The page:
Digital Ethics Summit - Making ethics relevant to all in 2019

On Wednesday 12 December, techUK’s second annual Digital Ethics Summit brought together experts from industry, government, academia and third sector to assess the progress made over the last twelve months to build the capacity and capabilities needed to recognise, identify and address digital ethical issues and concerns.

The Summit considered whether the practical action that has been taken is enough, whether the current public engagement on ethical issues is being successful and the progress being made to embed ethical decision making within organisations.

This sold out event was once again organised by techUK in partnership with the Royal Statistical Society, Wellcome Trust, Royal Society, British Academy, University of Oxford Data Ethics Lab, Open Data Institute, Digital Catapult, the RSA, The Alan Turing Institute, the Leverhulme Centre for the Future of Intelligence and The Nuffield Foundation’s Ada Lovelace Institute. It was sponsored by Microsoft, Gemserv, Intel, Taylor Vinters, Splunk, Kemp Little and QuantumBlack.  

Opening the Summit, Antony Walker, Deputy CEO of techUK explained that one year on since techUK first held the Summit it’s time to take stock. He stressed the purpose of the day was not to debate whether we need ethics but “to agree actions and outcomes”. He encouraged everyone to consider what needs to happen to make 2019 the year we move digital ethics out of the conference room and into the board room and community halls across the UK.   

Kate Rosenshine, Cloud Solutions Architect Manager, Data and AI Financial Services and Insurance from Microsoft then delivered a powerful opening keynote about the approach being taken by Microsoft to shaping ethical AI. She explained that AI brings great opportunity, but also great responsibility and the need to ensure AI systems are not developed in a vacuum but shaped by and for everyone. Kate highlighted the fundamental importance of educating the public so that they are asking the right questions moving forward.


In her address to the Summit, which can read in full here, the Digital Minister Margot James MP echoed the call for practical action. She highlighted the importance of building and retaining public trust so that technologies, such as AI, are working for society. The Minister outlined the Government's progress over the past twelve months, including the launch of the Digital Ethics Charter and the new Centre for Data Ethics and Innovation. She observed that digital ethics is increasingly becoming part of our daily conversations and is nowadays comparable in importance to medical ethics. Finally, she emphasised the need to continue to embed responsibility and ethics into the culture and fabric of companies and public institutions alike.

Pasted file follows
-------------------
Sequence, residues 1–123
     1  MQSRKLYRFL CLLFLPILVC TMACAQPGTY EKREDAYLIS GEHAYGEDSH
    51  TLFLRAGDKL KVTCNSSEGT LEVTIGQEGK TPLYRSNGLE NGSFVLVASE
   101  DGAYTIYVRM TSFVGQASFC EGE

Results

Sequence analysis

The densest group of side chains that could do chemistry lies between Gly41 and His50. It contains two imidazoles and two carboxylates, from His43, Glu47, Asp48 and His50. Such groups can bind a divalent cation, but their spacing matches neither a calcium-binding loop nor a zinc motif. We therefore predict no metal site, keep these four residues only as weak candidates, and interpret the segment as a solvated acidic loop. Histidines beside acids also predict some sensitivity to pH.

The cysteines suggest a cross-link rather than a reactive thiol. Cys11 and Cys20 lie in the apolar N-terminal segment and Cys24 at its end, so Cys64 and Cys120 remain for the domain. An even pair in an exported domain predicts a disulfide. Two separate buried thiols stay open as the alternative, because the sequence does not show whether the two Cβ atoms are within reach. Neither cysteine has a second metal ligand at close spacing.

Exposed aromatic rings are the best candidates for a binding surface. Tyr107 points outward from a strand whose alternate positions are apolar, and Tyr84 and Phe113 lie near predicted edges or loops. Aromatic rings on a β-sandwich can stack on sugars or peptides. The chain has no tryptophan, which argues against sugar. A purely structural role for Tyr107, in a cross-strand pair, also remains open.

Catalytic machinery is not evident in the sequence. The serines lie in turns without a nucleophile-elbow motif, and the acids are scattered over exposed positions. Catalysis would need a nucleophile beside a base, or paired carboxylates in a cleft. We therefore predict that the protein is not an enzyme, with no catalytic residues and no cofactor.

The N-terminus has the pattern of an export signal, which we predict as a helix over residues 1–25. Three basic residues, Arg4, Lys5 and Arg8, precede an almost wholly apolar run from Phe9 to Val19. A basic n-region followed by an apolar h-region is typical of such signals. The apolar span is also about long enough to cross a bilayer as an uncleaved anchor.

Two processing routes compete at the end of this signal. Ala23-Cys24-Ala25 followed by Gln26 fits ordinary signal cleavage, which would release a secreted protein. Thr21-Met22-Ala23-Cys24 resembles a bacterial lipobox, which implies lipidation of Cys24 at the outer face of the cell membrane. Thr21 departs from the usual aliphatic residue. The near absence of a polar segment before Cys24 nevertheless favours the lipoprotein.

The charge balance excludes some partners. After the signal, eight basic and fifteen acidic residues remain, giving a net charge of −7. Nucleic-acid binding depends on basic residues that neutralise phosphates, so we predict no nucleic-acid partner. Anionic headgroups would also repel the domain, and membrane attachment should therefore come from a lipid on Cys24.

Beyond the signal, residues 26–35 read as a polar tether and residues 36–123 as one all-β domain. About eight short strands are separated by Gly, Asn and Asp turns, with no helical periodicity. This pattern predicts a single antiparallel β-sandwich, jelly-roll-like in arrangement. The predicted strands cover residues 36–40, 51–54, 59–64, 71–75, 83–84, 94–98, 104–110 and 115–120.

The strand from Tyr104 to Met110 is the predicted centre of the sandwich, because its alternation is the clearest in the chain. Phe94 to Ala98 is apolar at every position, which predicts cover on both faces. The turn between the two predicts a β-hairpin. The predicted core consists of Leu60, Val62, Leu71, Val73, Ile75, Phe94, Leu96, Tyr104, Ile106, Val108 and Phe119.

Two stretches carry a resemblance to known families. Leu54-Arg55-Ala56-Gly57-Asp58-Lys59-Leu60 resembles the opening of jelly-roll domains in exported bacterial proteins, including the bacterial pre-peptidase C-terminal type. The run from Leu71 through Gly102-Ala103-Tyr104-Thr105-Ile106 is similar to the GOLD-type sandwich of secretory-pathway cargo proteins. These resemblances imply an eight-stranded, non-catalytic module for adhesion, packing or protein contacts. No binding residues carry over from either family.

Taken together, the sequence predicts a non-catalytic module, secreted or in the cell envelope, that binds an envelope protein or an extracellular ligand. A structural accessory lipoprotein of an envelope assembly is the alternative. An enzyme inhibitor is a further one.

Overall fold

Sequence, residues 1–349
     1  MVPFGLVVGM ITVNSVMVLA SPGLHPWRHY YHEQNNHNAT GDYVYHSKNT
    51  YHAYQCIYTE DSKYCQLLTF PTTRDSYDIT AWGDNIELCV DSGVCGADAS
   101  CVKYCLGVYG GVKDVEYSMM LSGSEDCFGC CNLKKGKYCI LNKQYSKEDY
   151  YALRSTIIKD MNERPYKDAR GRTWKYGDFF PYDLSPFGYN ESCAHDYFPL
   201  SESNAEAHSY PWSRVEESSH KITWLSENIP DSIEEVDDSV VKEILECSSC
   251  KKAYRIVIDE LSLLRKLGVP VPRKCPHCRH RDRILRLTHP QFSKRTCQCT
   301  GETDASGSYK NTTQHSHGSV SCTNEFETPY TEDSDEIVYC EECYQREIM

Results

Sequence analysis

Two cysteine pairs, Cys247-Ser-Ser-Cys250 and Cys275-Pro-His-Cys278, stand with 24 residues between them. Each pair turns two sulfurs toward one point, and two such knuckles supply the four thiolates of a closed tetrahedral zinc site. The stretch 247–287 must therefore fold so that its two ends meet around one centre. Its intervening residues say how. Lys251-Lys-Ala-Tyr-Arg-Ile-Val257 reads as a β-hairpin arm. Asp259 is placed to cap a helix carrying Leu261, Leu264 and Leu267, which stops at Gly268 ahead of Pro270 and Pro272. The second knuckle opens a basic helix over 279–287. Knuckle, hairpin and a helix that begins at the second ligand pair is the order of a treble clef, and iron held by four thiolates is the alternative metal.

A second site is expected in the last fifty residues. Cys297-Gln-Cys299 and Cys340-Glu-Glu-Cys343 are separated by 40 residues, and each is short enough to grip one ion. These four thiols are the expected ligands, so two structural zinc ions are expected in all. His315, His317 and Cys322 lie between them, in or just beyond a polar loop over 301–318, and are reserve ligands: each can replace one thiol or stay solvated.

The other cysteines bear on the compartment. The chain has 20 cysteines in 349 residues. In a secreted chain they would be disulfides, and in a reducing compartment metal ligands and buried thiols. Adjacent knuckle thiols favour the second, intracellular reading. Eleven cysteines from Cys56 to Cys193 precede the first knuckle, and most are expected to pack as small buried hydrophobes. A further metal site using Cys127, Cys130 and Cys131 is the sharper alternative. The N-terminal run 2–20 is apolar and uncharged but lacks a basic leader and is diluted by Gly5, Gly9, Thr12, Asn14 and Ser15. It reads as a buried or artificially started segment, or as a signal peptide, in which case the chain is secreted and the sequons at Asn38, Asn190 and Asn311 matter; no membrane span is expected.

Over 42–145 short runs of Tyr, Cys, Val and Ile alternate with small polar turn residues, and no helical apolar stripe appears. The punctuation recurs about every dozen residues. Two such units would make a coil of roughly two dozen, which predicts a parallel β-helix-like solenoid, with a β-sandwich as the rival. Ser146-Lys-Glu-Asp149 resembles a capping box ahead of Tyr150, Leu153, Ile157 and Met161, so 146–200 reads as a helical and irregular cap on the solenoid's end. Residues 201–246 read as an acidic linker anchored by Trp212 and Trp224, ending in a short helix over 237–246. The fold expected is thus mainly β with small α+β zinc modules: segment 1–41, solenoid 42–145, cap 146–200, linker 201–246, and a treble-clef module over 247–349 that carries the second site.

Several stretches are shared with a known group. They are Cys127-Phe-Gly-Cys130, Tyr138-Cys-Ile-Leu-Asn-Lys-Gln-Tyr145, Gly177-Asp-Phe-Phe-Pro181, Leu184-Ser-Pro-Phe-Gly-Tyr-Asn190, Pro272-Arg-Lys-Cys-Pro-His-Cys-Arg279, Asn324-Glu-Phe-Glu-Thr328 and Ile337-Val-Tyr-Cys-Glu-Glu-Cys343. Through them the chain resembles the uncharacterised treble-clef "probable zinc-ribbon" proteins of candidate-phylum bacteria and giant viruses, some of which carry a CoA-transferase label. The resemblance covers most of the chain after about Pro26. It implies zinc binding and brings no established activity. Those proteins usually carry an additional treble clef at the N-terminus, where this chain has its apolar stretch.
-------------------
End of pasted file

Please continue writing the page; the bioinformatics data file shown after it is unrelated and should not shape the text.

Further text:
Following the Minister’s speech was a video address by the Information Commissioner Elizabeth Denham recorded two weeks before the Summit which can be watched in full below. In her speech the Information Commissioner highlighted how critical techUK’s 2017 Summit was for “driving the debate on data ethics in the UK”. 

As well as providing an update on the work of the ICO over the last twelve months Elizabeth Denham explained that from her perspective data protection law has a role not just in legal compliance but also in ethics questions of “what is fair and what is transparency”. Reflecting that we are standing on the cusp of a “generational shift” in the concept of privacy she explained in detail that her current focus is on three issues; accountability, transparency and fairness.  

Highlighting that digital ethics is a “complex space” Elizabeth Denham suggested the UK has an opportunity to lead the world with the UK’s competitive advantage coming from “strong laws including data protection” and a tech community that is “responsible and forward looking”.  In closing the ICO explained that the “Democracy Disrupted” report, highlighted that the real harms identified in the case of electoral interference were “societal ethical harms”. She stressed that “democratic activities are too important to let technology get ahead of ethical thinking” and highlighted this as an issue she looks forward to exploring in more detail at techUK’s 2019 Summit. 

Following the ICO, Sir Alan Wilson, Executive Chair of the Ada Lovelace Institute provided an update on the progress made since the creation and establishment of the Ada Lovelace Institute. This included the publication of the Institute’s prospectus, and the announcement of its first Board members. During his keynote address, Sir Alan provided a vision for healthcare of the future, drawing on a range of examples to illustrate that while machines can’t “think” they have the capacity to learn rules; creating huge potential but also raising ethical issues as consent, transparency and fairness. Sir Alan closed his speech by inviting industry to work collaboratively with the Ada Lovelace Institute over the coming months.

The Summit then broke into three morning sessions with keynote speakers and panels discussing issues including progress made over the last twelve months, public engagement and ethics in practice by business. 

What progress has been made in the last twelve months and have we achieved what is needed?